Dovetailing off the issue of the labor shortage, the use of augmented reality is specifically called out as one of the solutions by Procore’s team, and one they expect to see adopted much more rapidly. Augmented, virtual, and mixed reality solutions have been increasing in accessibility over the last couple of years, and we are now at a point where the data to create 3D models is more accurate than ever, and the tools to both collect and process the data are more accessible than ever in terms of both financial cost and usability.
There are plenty of use cases for AR, including in planning phases and during construction itself, but training may be one of the most valuable for construction firms given the aforementioned labor shortages. With these tools, firms will have the opportunity to provide new hires “hands-on” training without actually having to be on the job site, allowing for this initial training to be done safely, and be done without having to slow or shut down work being done on a site.
Jenkins noted on the topic, “Offering AR training could be a key force in working against the ongoing labor shortage. By introducing augmented-reality training simulations, trainees can be immersed in day-to-day activities in a personalized, safe, and interactive environment. AR training is an effective and accessible way to ensure proper training before sending employees to job sites, enabling smarter working.”
Increased Efforts in DEI Initiatives
One of the other trends being seen in industries all around the world is an increased focus on diversifying workforce. Construction has long been a male-dominated industry, but that has begun to change in recent years. Even so, according to OSHA women still only make up nine percent of the total workforce in the industry. Given the labor shortage issues mentioned above, making an effort to reach potential workers who have not been targeted previously is even more important than it already was.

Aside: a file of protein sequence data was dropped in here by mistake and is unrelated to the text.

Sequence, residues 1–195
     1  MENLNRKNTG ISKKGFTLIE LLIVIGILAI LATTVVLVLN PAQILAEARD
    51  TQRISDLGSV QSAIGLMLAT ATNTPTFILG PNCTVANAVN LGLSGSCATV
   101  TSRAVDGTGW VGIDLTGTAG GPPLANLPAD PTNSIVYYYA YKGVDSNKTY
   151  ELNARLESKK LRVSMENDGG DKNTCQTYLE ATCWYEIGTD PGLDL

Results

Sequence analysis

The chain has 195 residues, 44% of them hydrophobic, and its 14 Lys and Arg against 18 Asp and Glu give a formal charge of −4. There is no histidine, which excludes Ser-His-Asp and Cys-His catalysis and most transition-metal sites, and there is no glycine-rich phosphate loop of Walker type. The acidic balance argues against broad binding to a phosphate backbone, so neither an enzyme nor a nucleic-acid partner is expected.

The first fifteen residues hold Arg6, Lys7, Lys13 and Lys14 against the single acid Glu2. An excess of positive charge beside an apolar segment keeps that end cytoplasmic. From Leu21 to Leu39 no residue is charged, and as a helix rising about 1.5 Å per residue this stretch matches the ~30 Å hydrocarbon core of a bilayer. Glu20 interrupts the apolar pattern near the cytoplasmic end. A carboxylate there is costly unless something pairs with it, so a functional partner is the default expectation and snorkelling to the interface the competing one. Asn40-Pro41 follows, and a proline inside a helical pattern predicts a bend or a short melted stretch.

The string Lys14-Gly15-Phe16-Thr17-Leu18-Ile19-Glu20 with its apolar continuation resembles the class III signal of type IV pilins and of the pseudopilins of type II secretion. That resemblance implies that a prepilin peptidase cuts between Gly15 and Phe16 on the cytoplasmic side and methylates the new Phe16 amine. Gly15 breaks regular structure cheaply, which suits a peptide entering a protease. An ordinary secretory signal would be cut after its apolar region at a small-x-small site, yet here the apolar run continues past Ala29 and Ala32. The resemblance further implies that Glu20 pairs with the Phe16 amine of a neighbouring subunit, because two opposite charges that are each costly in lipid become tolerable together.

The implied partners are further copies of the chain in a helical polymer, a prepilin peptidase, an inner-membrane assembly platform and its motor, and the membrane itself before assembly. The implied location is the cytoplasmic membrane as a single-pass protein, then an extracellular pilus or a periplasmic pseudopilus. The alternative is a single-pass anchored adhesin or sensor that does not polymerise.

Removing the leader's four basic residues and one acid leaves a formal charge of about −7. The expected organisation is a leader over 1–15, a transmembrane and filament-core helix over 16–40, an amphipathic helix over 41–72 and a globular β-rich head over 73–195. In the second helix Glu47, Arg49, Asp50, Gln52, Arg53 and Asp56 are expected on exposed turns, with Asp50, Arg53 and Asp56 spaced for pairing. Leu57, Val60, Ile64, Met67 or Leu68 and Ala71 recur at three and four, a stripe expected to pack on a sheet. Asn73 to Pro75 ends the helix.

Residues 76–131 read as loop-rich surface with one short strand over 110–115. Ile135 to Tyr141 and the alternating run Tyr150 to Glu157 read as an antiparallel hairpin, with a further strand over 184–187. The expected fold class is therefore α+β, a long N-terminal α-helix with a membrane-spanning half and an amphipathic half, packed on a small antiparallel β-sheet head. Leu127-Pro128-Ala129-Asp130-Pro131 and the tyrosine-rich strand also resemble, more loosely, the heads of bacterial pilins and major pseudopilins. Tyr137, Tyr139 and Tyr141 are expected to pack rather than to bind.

Benson added, “We’ve seen an increased industry effort to bring more women into the industry. So much so, women in construction jobs increased by 50% in about a decade. In 2023, we’ll see increased recruitment campaigns targeted toward women and other untapped talent pools.”
Working Smarter with Artificial Intelligence Solutions
We briefly mentioned the idea of automation above, and in the construction context that is most often associated on the hardware side for everything from drones to robots to heavy machinery on the worksite, all including different levels of automation. That said, perhaps the most impactful form of automation, at least right now with many of the hardware solutions still in their nascent stages, are on the software side utilizing artificial intelligence.
AI has streamlined a lot of the back-end work that needs to be done to ensure projects are completed on time, within budget, and according to the plans initially laid out. By leaning on this technology, human errors can be avoided and potential clashes can be picked up on much more quickly and accurately to avoid costly delays and rework.
Jenkins said of AI, “In line with the push for smarter working, the construction industry will increasingly harness AI capabilities to not only alleviate skills shortages and resourcing challenges, but also automate powerful workflows to help project managers stay ahead of potential problems.”